There has been a record rise in the number of prisons constructed as well as the number of people who were put behind bars during the rule of the Justice and Development Party (AKP), according to an opposition deputy, Turkish Minute reported.
Main opposition Republican People’s Party (CHP) deputy Abdüllatif Şener revealed the number of prisons in Turkey and the prison population at a recent session in the Turkish Parliament.
Accusing the ruling AKP of building as many prisons since it first came to power in 2002 as were built from the founding of the Turkish Republic until then, Şener said: “There is not a single year in which you failed to build a prison, and you have constructed 141 prisons since 2014 alone.”
Responding to Şener’s remarks, AKP deputy Hasan Çilez said, “We have the budget, that’s why we’re building them.”
Şener said 14 prisons were constructed in 2014, 18 in 2015, 38 in 2016, 12 in 2017, 15 in 2018, 26 in 2019 and 18 in 2020, adding that 39 more prisons will be inaugurated next year. With the new prisons, the number of prisons constructed over the past eight years will have risen to 180.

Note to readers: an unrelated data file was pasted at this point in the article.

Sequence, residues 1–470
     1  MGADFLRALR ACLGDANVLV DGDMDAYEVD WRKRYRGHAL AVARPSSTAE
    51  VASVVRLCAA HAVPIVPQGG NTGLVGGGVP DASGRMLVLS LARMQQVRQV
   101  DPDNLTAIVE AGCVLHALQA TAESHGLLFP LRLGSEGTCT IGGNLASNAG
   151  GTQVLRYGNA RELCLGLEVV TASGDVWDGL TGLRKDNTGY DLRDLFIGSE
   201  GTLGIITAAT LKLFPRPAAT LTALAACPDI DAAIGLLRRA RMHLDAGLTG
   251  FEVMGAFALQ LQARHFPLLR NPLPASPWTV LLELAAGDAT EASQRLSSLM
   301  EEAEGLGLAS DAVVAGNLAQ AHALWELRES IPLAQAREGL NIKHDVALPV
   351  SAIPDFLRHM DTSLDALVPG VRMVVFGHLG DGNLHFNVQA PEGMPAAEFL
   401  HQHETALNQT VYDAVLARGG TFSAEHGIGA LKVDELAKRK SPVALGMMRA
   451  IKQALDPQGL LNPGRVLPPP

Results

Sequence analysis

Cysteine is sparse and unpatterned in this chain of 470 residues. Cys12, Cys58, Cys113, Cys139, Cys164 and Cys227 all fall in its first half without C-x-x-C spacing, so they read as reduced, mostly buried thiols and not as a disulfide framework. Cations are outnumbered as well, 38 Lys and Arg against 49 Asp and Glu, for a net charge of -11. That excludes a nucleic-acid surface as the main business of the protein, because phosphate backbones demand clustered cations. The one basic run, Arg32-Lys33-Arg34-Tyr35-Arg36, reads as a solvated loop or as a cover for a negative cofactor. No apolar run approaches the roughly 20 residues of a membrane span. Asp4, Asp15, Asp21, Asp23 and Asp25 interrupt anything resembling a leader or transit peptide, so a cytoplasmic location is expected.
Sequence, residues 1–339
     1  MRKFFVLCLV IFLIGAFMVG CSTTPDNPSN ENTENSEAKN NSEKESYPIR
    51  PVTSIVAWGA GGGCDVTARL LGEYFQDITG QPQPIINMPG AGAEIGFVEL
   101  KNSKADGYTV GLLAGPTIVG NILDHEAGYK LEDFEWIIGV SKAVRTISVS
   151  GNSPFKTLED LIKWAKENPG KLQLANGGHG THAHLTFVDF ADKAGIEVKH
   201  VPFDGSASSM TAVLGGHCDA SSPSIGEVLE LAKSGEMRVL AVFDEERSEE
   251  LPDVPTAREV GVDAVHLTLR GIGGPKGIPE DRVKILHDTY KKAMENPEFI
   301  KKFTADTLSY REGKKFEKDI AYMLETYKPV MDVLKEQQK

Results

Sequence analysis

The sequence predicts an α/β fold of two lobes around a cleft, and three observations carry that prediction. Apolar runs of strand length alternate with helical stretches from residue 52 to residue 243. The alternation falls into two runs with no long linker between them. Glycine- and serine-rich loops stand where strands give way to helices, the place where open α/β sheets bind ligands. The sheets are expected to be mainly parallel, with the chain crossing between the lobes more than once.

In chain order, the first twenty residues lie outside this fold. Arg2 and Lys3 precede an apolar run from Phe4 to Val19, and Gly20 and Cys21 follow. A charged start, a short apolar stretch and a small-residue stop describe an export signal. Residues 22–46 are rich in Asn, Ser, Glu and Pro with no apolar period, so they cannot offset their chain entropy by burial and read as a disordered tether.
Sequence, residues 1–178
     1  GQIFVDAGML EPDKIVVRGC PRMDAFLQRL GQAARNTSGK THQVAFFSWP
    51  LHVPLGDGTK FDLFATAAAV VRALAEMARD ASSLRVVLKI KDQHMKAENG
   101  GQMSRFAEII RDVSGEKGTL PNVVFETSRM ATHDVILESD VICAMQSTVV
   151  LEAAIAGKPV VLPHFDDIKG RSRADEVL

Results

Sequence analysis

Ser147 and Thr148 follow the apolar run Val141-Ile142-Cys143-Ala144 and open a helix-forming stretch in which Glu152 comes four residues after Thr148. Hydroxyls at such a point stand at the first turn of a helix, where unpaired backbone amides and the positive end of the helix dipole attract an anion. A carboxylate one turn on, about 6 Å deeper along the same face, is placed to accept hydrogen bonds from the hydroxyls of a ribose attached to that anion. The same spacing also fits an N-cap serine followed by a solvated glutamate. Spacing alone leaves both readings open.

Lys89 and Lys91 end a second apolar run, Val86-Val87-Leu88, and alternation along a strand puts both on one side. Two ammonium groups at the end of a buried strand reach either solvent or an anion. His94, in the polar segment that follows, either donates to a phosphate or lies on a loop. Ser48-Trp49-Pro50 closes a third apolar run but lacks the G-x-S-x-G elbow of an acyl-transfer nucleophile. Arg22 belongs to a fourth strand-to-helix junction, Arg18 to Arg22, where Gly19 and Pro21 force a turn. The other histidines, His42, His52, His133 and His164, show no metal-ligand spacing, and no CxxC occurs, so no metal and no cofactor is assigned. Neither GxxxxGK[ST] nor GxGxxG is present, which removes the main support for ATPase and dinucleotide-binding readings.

There are currently 355 prisons in Turkey.
The CHP deputy also disclosed the number of inmates in Turkey’s prisons since the AKP came to power in 2002.
According to the figures provided by Şener, there were 58,000 inmates in Turkey’s prisons in 2002, while this figure rose to 291,500 in 2019.
Mass detentions and arrests have been taking place in Turkey since a coup attempt in July 2016. The AKP government accuses the faith-based Gülen movement of masterminding the failed coup, although the movement strongly denies any involvement in the abortive putsch.
“Turkey is the eighth country in the world in terms of the size of its prison population. The first country is the US with a population four times bigger than that of Turkey. The second is China with a population 17 times bigger,” said Şener.
Critics accuse Turkish President Recep Tayyip Erdoğan, who embarked on the massive crackdown on the opposition after the coup attempt, of using the incident as a pretext to quash dissent.
According to a statement from Turkish Interior Minister Süleyman Soylu on Nov. 26, a total of 292,000 people have been detained while 96,000 others have been jailed due to alleged links to the Gülen movement since the failed coup. The minister said there are currently 25,655 people in Turkey’s prisons who were jailed due to links to the Gülen movement.